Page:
Math, ethics problems share similar biology. Of course.

Canada's National Post has started a five part series on the subject of belief and yesterday, Sam Harris, the author of a couple well known books, described some of his doctoral research at UCLA. Let's get to it:

What was particularly surprising, [Harris] said, was that there werevirtually identical patterns of brain activation whether someone was being asked to evaluate a straightforward proposition, such as two plus two equals four, or something that tested an ethical belief, such as whether torture is just or unjust.

We now know that emotion is necessary for thought. So the idea that dispassionate and passionate evaluations of propositional statements share similar brain patterns isn't necessarily surprising.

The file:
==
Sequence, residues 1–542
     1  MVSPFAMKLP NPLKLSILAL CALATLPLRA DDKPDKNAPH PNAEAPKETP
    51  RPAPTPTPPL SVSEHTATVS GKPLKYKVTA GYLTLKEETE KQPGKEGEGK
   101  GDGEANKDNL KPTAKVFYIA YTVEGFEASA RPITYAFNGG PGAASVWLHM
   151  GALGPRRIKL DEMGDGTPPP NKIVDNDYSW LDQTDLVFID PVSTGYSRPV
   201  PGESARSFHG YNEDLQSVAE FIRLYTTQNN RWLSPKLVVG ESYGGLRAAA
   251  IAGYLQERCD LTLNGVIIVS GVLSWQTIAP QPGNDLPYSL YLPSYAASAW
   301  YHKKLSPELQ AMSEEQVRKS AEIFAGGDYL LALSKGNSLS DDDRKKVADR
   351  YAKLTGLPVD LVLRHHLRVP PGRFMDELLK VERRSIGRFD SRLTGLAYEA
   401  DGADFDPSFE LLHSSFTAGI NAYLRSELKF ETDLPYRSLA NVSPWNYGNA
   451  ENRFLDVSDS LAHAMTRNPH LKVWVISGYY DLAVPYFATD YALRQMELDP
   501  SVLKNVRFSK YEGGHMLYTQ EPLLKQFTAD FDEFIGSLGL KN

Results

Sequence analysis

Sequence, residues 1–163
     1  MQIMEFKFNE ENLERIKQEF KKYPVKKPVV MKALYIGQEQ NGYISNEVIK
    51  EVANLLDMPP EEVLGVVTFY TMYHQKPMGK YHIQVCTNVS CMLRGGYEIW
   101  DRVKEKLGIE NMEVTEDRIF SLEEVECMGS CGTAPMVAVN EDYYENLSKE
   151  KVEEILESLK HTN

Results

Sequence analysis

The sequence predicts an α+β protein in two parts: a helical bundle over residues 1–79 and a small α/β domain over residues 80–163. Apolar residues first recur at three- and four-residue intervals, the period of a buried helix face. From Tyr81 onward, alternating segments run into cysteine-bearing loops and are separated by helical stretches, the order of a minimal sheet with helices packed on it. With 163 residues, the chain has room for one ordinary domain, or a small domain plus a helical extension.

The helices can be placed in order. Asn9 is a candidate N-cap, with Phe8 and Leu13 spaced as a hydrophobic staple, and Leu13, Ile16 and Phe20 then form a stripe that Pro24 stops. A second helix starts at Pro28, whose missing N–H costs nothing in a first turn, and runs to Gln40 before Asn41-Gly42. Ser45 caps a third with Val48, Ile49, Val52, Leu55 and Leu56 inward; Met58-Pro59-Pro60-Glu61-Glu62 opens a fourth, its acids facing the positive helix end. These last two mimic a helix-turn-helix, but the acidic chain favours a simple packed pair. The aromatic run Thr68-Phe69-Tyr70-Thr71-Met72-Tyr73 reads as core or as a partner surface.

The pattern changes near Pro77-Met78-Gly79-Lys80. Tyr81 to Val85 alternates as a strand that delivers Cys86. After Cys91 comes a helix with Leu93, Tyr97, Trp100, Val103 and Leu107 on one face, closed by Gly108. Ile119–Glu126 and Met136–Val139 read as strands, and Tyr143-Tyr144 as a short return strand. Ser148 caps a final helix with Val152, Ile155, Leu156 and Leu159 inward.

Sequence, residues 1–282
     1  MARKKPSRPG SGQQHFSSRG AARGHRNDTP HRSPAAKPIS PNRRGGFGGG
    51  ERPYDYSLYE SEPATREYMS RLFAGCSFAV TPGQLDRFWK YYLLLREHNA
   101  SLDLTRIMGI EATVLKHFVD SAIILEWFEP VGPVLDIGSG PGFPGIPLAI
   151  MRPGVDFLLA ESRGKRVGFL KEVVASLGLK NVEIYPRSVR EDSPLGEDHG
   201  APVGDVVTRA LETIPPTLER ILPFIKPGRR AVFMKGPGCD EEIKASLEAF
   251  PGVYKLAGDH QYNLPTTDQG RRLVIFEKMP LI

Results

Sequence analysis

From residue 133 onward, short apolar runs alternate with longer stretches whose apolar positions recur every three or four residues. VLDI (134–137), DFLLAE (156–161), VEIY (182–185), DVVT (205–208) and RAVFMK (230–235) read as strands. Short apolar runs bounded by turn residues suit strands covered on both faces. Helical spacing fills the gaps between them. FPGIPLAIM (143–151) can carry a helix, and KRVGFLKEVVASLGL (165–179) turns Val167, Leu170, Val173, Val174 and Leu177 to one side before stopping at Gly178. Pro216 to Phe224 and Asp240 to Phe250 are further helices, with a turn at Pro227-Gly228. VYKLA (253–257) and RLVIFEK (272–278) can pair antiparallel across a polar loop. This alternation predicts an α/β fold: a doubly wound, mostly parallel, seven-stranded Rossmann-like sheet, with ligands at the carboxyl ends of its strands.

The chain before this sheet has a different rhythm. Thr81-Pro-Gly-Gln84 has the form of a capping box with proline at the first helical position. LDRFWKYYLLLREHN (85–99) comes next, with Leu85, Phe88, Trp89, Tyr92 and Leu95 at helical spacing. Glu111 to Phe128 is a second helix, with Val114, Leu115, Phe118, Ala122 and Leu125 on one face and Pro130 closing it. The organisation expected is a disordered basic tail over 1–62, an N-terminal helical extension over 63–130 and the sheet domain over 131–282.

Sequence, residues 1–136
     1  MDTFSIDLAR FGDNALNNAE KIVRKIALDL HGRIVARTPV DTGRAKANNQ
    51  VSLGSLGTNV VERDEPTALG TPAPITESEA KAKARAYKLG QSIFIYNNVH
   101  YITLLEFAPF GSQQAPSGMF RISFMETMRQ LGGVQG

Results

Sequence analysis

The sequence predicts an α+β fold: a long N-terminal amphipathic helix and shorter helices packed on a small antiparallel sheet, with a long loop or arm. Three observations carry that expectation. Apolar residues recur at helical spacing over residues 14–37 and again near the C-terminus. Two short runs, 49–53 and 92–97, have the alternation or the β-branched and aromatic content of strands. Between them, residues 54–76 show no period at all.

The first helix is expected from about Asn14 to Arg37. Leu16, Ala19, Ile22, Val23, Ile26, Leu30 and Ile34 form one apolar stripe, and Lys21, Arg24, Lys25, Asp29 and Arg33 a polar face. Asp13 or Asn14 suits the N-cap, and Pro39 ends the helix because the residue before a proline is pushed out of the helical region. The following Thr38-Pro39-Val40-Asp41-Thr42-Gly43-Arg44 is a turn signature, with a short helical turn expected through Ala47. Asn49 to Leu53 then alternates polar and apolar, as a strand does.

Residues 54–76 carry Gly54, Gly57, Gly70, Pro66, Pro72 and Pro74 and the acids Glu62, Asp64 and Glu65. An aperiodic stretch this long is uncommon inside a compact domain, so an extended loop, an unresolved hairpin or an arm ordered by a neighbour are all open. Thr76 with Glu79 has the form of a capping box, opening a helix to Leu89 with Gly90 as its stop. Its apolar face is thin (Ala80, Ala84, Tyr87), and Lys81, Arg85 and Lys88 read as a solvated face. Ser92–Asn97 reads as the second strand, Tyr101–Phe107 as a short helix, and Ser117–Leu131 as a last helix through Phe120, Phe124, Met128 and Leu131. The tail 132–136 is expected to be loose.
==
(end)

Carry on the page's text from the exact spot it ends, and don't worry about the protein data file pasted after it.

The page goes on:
I believe that belief, whether it's the understanding that you won't fall putting one foot in front of the other or faith in a supernatural mover, goes to core of what it means to be human. It's basic. It is, as Harris says elsewhere, the basis for much human activity and the "engine for conflict and reconciliation." Being rid of belief means being rid of biology.

And since I had just written something on truth and beauty, this statement in the National Post piece also appealed:

Mr. Harris's study concluded with the poetic notion that 'truth may be beauty, and beauty truth, in more than a metaphorical sense and that false propositions may actually [physically] disgust us.'

Cognitive dissonance takes a bodily toll. Conversely, Jeffrey Schwartz might have something to say about how cognitive consonance might change our biology.

Whether it's Krista Tippet, whose series on faith I almost always manage to save to my del.icio.us bookmarks, or others, the centrality of belief to our waking, walking, spiritual lives, makes thoughtful conversation around the subject welcome here.

Give the National Post article a read. It's brief.

Wayne